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GPL Settlement: Plenty of Buzz, No Deal

By Nancy Cohen
Sep 26, 2007 4:00 AM PT

Despite a press release by the defendant indicating its desire for a quick settlement, the licensing beef between BusyBox and Monsoon Multimedia is in fact still alive and well.

GPL Settlement: Plenty of Buzz, No Deal

No agreement has yet been reached, said Daniel B. Ravicher, the attorney who is prosecuting the Software Freedom Law Center's case on behalf of two BusyBox plaintiffs against Monsoon.

"I can confirm that we are discussing settlement, but -- contrary to what many in the press seem to believe -- no agreement has been reached," said Ravicher.

On Monday, Monsoon Multimedia issued a statement that the company intends to fully comply with all open source software license requirements. Monsoon will make modified BusyBox source code publicly available on its Web site in the coming weeks.

Where's the Code

BusyBox's beef is that the GNU General Public License version 2 (GPLv2) requires that other parties engaged in either copying, modifying, or redistributing its software must stick to its GPL licensing rules, yet Monsoon is offering products containing BusyBox code without providing recipients with access to the source code.

BusyBox is promoted as the "Swiss Army knife" of embedded Linux, and its programs have been used in numerous embedded Linux-based devices from well-known open source vendors such as developer tool provider Trolltech.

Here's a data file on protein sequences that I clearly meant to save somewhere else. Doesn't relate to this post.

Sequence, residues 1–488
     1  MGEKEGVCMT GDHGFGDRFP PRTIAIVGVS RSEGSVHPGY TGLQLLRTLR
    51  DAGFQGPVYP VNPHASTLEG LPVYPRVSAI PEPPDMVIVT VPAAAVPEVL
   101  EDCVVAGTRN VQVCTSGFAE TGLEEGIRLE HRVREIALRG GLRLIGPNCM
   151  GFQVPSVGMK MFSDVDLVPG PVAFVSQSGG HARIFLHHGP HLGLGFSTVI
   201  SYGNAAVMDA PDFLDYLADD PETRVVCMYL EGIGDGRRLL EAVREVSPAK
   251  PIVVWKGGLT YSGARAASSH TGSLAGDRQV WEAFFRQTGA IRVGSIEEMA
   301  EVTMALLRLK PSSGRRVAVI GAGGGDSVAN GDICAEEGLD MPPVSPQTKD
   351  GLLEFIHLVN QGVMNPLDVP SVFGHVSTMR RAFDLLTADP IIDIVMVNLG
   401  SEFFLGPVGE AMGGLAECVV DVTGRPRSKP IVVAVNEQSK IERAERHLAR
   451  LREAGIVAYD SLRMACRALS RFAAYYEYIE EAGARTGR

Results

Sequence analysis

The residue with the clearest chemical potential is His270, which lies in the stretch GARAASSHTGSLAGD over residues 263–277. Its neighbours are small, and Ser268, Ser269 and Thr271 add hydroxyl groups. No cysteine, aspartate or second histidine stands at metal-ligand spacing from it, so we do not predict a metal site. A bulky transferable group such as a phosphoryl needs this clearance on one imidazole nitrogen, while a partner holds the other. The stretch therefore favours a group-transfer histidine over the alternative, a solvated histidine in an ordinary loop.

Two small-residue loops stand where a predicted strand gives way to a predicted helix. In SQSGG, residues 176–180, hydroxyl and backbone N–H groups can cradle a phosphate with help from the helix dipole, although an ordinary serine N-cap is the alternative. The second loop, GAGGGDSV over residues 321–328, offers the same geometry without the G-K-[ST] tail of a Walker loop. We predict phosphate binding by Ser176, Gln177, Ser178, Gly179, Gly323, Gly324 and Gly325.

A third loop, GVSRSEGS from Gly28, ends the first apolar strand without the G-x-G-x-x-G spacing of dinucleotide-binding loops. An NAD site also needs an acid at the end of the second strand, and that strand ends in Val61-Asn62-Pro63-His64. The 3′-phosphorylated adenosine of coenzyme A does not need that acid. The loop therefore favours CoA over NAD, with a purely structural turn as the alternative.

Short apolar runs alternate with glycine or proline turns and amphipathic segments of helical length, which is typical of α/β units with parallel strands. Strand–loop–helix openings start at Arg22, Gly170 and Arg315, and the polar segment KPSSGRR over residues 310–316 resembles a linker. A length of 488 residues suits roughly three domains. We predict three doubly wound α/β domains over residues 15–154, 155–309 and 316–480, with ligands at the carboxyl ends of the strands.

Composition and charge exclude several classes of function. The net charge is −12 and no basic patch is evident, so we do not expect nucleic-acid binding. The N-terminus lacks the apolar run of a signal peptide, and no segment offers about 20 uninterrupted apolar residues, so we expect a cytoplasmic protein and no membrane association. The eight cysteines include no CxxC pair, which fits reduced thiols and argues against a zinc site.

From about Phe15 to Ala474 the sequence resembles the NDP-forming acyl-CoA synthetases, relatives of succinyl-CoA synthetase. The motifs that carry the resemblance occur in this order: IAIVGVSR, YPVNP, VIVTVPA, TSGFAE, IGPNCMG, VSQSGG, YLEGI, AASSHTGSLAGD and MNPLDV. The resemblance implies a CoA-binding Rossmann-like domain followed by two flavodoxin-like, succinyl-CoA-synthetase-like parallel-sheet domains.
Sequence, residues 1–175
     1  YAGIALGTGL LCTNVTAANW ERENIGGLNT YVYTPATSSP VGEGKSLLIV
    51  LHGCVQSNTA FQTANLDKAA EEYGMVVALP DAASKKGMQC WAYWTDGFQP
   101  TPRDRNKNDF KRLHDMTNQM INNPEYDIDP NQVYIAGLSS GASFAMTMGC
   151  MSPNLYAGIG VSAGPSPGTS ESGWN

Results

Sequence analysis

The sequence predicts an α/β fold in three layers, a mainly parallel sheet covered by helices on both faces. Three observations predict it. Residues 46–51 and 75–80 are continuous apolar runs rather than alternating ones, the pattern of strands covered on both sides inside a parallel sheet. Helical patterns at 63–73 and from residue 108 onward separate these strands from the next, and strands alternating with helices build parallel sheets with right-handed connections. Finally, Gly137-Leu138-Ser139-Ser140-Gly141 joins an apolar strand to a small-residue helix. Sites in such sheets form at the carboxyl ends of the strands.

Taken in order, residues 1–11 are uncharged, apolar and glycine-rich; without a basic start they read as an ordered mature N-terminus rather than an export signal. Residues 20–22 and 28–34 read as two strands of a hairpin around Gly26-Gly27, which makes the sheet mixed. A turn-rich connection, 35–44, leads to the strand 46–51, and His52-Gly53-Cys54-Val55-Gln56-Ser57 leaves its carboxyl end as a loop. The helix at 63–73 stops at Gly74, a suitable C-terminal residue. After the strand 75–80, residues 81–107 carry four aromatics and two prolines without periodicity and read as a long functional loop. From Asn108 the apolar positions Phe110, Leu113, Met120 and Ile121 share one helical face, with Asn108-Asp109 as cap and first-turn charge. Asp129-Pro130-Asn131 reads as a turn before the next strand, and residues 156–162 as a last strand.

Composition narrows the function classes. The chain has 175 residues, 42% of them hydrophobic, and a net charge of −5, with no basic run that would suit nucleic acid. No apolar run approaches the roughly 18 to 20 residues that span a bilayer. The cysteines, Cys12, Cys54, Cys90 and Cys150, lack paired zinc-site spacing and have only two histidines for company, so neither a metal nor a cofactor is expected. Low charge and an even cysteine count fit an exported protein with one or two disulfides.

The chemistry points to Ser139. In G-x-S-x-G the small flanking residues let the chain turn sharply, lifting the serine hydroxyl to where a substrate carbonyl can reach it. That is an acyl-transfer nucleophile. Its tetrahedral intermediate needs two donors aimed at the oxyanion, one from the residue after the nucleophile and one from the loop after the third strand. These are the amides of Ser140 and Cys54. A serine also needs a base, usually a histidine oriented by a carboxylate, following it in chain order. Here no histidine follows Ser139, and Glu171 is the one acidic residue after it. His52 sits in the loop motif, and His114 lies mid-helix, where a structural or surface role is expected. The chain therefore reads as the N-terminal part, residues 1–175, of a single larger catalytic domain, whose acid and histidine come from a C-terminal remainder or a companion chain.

GPL as Exhibit A

The complaint filed Sept. 20 presents as "Exhibit A" the GNU GPLv2, dated 1991.

On Monday, Monsoon said it would post the code on its Web site.

"Since we intend to and always intended to comply with all open source software license requirements, we are confident that the matter will be quickly resolved," said Graham Radstone, Monsoon's chairman and chief operating officer.

Not So Fast

"Note that simply coming into compliance now is not sufficient to settle the matter, because that would mean anyone can violate the license until caught, because the only punishment would be to come into compliance," Ravicher said.

He declined to discuss details about what actions the clients additionally seek, however. "Hopefully we'll be able to shed light on that if/when we do reach an agreement," he stated.


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Yes -- but primarily due to parents' failure to regulate kids' use.
Possibly -- long-term effects on health are not yet known.
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